JT: The Wealth of Networks was described, I believe it was by Time magazine, as "utopian." I didn't see it that way, but rather as a book that was as full of sense as it was of hope. But it was a contingent hope: one based on things like 'Net neutrality, gift economies, open access to information, and so on. Can you leave us with your most hard-headed vision of the hope contained in—and possibly sustained by—The Wealth of Networks?
YB: I agree that The Wealth of Networks is not utopian. I think realistically we can see a large improvement in the number of people who can effectively participate in the production of information, knowledge, and culture. I think more people are creating media; more people have access to a community or site where they can speak their minds. More does not mean everyone. Disparities in access and skill continue. But there are many more, and more diversely motivated and organized voices and creative talents participating than was feasible ten years ago, much less 30 years ago.
I think there are certain well-defined threats to this model. If we end up with a proprietary communications platform, such as the one that the FCC's spectrum and broadband policies are aiming to achieve; and on that platform we will have proprietary, closed platforms like the iPhone, then much of the promise of the networked environment will be lost.
When the FCC and Congress had an opportunity to make parts of the 700MHz band an open spectrum, to which any device manufacturer could have built devices that would have created user-owned networks, on the model of WiFi but more powerful, they failed in imagination and wisdom. When they were presented by Google with a much thinner, but at least well-reasoned and positive, alternative, to make the 700MHz auction at least require purchasers to resell to anyone who wanted wholesale carriage, so that at least there could be competition, they balked at that too.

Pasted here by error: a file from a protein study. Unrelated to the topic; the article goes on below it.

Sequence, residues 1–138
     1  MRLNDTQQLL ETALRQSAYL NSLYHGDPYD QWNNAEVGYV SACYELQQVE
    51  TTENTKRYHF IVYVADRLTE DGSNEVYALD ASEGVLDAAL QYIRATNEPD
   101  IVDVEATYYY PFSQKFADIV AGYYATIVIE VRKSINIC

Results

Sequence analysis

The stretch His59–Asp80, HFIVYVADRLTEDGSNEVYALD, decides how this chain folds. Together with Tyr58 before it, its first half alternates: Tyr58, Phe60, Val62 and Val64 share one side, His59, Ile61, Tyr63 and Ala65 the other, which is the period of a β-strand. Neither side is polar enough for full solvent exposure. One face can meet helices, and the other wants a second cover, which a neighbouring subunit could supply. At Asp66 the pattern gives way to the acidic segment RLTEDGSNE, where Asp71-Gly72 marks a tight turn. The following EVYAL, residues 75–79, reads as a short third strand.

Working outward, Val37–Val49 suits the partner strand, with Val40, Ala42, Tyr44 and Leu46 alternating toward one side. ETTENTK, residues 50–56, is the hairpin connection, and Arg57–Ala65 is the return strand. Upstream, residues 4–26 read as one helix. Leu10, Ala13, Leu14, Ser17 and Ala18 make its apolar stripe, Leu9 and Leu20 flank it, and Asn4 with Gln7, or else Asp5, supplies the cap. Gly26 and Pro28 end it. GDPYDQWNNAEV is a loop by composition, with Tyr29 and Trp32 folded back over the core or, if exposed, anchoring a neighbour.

We now also see the rising tide of fear leading to a resurgence of "trusted systems"—systems that assume that the owners of computers are either incompetent or malevolent, so the machine has to be "trusted" against its owner. This too can undermine the openness, innovation, and expressive freedom of the networked environment. The threats are many. Some of them come from intentional efforts to hobble the 'Net in order to preserve incumbent business models. The interventions of the telecomms and the strong copyright lobbies fall into these categories. Some come from simple lack of appreciation for the central role that open, radically decentralized platforms are playing, and it is not necessarily a regulatory mistake as a business mistake.
I am still optimistic. It does seem that people have been opting for open systems when they have been available, and that has provided a strong market push against the efforts to close down the 'Net. Social practices, more prominently the widespread adoption of participation in peer production, social sites, and DIY media, are the strongest source of pushback. As people practice these freedoms, one hopes that they will continue to support them, politically, but most powerfully perhaps, with their buying power and the power to divert their attention to open platforms rather than closed. This, the fact that decentralized action innovates more quickly, and that people seem to crave the freedom and creativity that it gives them, is the most important force working in favor of our capturing and extending the value of an open network.